I'm looking for the ideal plant for a privacy hedge to block our land from the road. I'm hoping I can make lilacs work, because we have a free source from a friend and I really like the plant. Plus, they're deer-resistant, a huge plus. The planting area is open, fairly well-drained, and full sun, but close to the potentially salt-ridden road. USDA zone 5a.

I'm worried that the lilacs won't grow thick enough in the winter to provide a good visual barrier. Does anyone have experience with winter lilacs and/or lilac hedges and know how thickly I'd have to plant the bushes to get a decent winter privacy hedge? Two thick, three thick, more, or not feasible?


2 Answers 2


I actually have a lilac privacy hedge alongside my driveway (zone 5). Here's a far shot (note that the bare spot in the middle is from a missing tree - EAB killed it years ago).

Far shot - about a 40 foot hedge

It's meant to screen the house from a side street and does a decent enough job, but I don't know that it would be a great winter screen for a backyard, as it is a bit "open". The variety of lilac you choose also makes a difference. Mine are a hybrid - I think they're still Syringa vulgaris, though, so they're probably the thickest cultivar you'll find (for a contrast, French lilacs don't really sucker and are therefore "thinner").

Here's a closeup of one of the four shrubs. This one still has about two-thirds of its leaves, but should give you an idea of what you can expect in the winter:

enter image description here

The lilacs are about 6-7 feet from the side street and have not been affected by years of road salt, so you should have no worries there. One nice perk about this as a driveway hedge is that it allows me to shovel or snow-blow snow directly onto it - the snow filters through the branches, which are also strong enough to take the snowload without breaking. If it were evergreen, then the snow blown off of the driveway would either settle in front of the shrubs and in a bad winter would be difficult to clear after a few storms or would be damaged by the snowload. I'm not sure if this is a concern for you.

One note - my hedge doesn't have any snowed plowed onto it. I assume that if it did, then the plowed snow would break branches, but this would be true with any shrub, I think.

If you're now wondering whether this kind of hedge is right for you, I encourage you to look at a Hedge Cotoneaster, if you have the room for a 10 foot wide shrub or feel like trimming your hedge ever year. This shrub has a much denser branching pattern and so is more effective as a winter screen. It has smallish glossy dark green leaves, very small pink flowers, somewhat showy small fruits, and fantastic fall color. I had these as a hedge at a different house (zone 4) and they worked great.

  • I don't think mine are French lilac... they're suckers from a very large, thick bush (around 14'x10'). Regarding snowblowing over the bushes, that's good to know they can take it! I live on a fast road with large snowplows in the winter, but I planted my initial lilac hedge ~20ft back to try to allow for growth and protect from road activities. Thanks for the link to Hedge Cotoneaster. It’s new to me. I do have room for even a twenty-foot hedge if required.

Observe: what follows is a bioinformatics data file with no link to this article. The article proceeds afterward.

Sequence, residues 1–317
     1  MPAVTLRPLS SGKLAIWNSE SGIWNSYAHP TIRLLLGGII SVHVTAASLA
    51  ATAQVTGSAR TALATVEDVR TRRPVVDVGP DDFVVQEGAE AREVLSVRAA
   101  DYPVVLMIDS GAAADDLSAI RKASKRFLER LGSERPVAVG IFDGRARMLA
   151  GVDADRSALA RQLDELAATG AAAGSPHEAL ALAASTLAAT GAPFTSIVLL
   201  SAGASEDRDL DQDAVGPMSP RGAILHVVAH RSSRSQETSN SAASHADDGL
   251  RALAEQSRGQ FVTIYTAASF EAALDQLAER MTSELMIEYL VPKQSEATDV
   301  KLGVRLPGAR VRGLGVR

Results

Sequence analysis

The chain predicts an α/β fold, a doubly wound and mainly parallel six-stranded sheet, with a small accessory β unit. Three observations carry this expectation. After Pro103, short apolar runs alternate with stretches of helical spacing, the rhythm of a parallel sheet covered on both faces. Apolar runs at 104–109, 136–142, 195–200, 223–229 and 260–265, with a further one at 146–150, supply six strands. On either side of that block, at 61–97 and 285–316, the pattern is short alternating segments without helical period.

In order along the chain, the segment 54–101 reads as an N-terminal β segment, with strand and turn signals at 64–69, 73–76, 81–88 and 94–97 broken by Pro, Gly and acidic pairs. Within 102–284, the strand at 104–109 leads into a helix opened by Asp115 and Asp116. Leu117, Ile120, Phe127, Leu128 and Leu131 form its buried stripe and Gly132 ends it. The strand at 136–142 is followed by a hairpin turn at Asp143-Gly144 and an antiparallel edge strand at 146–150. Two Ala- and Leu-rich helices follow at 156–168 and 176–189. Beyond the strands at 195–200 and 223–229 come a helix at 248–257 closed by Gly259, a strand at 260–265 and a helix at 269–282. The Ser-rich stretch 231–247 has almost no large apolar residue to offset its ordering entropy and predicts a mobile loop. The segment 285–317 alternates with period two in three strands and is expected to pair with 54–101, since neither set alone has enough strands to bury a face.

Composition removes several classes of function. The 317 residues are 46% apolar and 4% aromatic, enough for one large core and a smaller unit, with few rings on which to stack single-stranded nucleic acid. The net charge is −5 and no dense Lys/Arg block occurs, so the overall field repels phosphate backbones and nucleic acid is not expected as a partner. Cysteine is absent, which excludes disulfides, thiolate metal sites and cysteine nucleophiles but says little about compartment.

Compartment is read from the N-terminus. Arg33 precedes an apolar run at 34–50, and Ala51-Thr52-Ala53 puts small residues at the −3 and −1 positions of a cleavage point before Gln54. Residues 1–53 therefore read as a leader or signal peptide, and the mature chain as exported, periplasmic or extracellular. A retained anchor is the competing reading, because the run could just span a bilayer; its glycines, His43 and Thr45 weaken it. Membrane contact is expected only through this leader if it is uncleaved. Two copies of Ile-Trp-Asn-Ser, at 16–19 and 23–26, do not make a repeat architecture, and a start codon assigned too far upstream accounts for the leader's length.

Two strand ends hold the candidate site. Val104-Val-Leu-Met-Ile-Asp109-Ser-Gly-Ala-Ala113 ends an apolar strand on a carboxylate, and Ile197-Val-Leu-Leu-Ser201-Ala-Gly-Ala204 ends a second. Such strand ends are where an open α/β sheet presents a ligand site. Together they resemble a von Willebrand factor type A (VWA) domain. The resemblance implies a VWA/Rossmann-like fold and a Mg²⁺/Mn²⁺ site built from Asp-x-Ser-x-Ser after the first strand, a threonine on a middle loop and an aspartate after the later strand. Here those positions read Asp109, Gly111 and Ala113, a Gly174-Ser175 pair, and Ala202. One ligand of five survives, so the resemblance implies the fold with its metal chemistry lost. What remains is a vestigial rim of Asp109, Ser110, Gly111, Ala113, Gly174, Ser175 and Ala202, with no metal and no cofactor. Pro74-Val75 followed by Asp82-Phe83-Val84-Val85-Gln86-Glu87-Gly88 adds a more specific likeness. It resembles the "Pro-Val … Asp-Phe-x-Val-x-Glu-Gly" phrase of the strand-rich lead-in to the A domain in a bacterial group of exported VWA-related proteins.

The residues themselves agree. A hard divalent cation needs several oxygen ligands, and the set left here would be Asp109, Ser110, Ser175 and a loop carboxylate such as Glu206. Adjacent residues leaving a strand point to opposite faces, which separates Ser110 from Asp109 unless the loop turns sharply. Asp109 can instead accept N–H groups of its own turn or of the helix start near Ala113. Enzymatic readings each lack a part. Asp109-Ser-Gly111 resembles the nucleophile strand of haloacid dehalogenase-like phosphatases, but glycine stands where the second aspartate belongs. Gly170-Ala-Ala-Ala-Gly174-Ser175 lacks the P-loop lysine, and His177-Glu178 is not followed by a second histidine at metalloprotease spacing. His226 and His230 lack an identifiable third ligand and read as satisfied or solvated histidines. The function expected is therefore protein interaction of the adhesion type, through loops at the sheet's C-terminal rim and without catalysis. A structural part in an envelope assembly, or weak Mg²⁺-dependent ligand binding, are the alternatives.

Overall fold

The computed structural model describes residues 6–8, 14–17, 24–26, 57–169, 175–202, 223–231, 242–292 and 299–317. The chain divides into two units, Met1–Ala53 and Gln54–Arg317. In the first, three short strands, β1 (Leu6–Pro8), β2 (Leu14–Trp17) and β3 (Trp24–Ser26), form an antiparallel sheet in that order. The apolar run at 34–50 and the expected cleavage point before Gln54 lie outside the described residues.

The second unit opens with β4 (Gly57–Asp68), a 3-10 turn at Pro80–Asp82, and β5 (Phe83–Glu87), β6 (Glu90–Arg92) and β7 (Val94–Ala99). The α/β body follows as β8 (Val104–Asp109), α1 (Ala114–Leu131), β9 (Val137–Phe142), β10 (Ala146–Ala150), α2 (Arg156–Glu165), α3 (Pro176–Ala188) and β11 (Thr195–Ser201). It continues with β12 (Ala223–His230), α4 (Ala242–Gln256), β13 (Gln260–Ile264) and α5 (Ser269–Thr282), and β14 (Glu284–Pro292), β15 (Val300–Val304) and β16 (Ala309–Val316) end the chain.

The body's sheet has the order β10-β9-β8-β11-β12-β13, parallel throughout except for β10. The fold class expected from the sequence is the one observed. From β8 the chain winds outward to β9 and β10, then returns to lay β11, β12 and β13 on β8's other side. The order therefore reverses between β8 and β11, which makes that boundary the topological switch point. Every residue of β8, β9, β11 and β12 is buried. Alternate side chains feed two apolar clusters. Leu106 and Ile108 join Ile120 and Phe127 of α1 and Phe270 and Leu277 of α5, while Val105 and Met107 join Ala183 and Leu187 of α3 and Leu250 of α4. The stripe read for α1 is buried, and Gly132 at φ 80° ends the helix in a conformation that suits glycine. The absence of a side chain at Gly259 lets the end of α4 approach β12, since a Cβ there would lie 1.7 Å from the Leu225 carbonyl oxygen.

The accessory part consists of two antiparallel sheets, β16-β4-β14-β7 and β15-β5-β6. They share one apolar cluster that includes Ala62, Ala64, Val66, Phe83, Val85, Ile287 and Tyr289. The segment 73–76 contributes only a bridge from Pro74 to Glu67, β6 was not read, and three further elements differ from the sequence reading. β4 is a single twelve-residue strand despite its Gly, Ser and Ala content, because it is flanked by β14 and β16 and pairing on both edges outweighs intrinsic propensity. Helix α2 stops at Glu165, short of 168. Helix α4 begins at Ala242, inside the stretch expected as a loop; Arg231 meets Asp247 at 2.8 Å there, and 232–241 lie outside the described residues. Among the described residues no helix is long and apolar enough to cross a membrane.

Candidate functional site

– Kilobyte
    Oct 19, 2020 at 12:53
  • I forgot to mention that the hedge cotoneasters at my other house were along a driveway and handled snow-blowing well. They're out of fashion at the moment, so may be hard to find (a local nursery can probably special order them for you if you prepay). In fact, I just found a nursery that is charging $77 !!! for one bareroot plant, which is ridiculous - they should cost about $30 for a large-ish plant in a 2 or 5 gallon pot.
    – Jurp
    Oct 19, 2020 at 13:12
  • Yikes! That's a substantial cost. I have about 150 ft of road frontage to cover, which is why I'm trying a little too hard to make my free lilac suckers work. Thanks for the tips.
    – Kilobyte
    Oct 22, 2020 at 13:54
  • Well,depending on your patience, you could get by with 10 plants, but yeah, even at usual market price you're looking at $300 or so. I just thought of another shrub that could work - Viburnum - either V. trilobum or V. dentatum. They're also large (8-10 feet wide, depending on cultivar) and fairly dense. They sucker well, too, so maybe you could start with some and then transplant suckers after three to five years? A little more cost-effective, but a much longer time to get what you want. Maybe a mixed hedge of all four shrubs, randomly spaced?
    – Jurp
    Oct 22, 2020 at 13:58

Lilac will drop the leaves, the branches and twigs will give some privacy. Conifers are needed to completely block the view . My experience is deer not eat conifers. Depending on the exact conditions , rhododendrons retain their broad leaves, but they are slow growing. In that area , I found spruce grew well and made a barrier in a few years.

  • Thanks. I've wondered about rhododendrons or assorted conifers. I failed to mention that my hedge will be close to and almost under some power lines, so I'm hoping for shorter barrier plants, but I do have enough room to plant spruce back from the lines. In my area, deer feast on thuja hedges. Not sure if these deer would sample other conifers.
    – Kilobyte
    Oct 19, 2020 at 12:41

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